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This study argues that French feminism lacks the rancour and resentment of its counterparts in England and America and explains why this placid, even timid, brand of feminism is uniquely French. Ozouf uses the woman's portrait, traditionally a male genre, to portray ten French women of letters whose lives span the period from the eve of the French Revolution to the resurgence of the feminist movement in the late 20th century. She studies the letters and memoirs of Mme du Deffand, Mme de Charriere, Mme Roland, Mme de Stael, Mme de Remusat, George Sand, Hubertine Auclert, Colette, Simone Weil and Simone de Beauvoir. Rejecting the male constructions of femininity typical of this genre, Ozouf restores these women's voices in order to study their own often-conflicting attitudes toward education, marriage, motherhood, sex, and work, as well as the dilemma of writing in a literary world that did not support women's work. The author claims that a uniquely-French feminism informed these women's lives, one that stems from the great egalitarian spirit of the French Revolution and is more tolerant of difference than its American counterparts. She argues that as a result, modern French culture has not isolated women from men in the same way that American and British cultures have done.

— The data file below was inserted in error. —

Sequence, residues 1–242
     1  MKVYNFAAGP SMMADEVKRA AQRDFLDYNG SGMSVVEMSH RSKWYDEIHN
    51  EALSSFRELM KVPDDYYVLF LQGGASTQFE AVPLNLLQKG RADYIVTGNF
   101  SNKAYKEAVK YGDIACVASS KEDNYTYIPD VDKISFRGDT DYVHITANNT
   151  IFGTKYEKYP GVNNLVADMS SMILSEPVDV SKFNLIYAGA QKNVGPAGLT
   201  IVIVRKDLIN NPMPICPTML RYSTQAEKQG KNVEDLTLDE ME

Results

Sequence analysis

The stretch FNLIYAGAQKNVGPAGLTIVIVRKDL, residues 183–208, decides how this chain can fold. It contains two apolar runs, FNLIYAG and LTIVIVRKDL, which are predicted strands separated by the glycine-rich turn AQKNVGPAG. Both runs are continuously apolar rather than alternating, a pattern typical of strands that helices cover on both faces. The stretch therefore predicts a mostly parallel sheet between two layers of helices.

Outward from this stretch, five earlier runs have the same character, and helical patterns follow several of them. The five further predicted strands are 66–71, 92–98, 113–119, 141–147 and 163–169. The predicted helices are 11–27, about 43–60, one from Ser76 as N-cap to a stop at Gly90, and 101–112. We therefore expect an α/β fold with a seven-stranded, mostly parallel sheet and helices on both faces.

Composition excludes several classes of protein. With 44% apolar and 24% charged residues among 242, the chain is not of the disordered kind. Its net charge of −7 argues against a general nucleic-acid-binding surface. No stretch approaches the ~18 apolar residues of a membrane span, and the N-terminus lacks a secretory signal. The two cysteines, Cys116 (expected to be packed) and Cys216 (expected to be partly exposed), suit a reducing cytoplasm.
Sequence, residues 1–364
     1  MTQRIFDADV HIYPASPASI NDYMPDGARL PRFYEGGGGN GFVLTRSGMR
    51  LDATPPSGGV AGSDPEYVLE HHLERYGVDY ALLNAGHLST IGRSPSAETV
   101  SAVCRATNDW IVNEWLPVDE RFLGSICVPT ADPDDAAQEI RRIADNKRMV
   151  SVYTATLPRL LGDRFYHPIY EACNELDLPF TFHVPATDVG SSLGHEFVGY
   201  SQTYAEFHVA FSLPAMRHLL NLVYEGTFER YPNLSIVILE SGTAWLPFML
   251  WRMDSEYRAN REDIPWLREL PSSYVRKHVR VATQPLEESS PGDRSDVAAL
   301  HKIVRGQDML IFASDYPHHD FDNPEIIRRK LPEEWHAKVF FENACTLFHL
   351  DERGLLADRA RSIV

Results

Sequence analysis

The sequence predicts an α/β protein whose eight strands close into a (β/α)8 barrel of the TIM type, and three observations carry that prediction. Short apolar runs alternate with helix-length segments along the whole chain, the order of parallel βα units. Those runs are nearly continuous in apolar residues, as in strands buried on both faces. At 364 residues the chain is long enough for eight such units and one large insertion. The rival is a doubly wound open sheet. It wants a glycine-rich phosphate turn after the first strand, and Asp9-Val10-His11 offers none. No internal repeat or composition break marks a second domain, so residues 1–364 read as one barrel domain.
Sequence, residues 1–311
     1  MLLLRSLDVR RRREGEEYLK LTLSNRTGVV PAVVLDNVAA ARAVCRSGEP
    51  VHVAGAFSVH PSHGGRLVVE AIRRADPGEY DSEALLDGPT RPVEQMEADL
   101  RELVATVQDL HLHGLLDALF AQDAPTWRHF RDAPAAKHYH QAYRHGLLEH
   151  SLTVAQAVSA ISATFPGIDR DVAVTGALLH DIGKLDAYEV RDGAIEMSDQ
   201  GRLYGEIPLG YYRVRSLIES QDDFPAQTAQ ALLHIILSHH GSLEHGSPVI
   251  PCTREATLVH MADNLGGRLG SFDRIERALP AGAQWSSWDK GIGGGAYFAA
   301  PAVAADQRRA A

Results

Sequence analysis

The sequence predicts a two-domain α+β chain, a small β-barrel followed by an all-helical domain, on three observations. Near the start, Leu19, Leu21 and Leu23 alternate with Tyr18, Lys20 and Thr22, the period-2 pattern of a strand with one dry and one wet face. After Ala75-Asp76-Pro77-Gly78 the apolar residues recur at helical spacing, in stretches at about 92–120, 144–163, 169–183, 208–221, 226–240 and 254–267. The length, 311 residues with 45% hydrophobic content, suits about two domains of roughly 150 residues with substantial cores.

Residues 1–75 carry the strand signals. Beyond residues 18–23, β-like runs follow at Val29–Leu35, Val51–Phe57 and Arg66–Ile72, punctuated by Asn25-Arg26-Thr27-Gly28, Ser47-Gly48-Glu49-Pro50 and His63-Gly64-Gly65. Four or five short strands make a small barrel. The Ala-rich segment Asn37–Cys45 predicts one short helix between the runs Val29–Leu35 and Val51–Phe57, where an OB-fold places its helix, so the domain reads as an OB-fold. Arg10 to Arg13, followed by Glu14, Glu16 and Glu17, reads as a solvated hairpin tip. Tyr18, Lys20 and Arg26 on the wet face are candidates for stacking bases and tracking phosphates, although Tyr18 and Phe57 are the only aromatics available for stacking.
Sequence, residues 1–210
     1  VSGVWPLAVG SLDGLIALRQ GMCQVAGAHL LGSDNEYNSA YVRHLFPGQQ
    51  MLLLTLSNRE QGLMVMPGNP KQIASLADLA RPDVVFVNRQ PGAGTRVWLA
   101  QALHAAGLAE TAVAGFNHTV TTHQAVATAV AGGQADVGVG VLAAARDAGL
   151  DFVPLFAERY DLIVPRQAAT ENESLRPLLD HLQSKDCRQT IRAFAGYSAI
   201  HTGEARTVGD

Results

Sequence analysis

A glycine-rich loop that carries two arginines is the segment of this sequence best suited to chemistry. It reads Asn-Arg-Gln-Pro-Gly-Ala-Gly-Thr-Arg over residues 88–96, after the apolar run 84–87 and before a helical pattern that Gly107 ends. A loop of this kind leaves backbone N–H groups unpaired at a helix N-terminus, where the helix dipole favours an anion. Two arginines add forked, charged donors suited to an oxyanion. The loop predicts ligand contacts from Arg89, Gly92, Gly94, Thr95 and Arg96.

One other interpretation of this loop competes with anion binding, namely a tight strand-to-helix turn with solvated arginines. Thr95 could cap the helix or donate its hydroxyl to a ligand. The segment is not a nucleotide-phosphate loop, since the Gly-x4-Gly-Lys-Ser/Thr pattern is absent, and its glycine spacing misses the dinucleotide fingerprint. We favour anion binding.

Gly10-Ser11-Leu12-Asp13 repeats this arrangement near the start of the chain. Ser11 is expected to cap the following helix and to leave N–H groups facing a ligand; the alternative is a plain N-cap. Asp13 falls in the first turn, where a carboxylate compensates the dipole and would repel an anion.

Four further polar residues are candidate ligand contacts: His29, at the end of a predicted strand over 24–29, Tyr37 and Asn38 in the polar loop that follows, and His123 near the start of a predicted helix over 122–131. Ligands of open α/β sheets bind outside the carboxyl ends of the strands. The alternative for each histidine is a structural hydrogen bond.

University of Chicago Press
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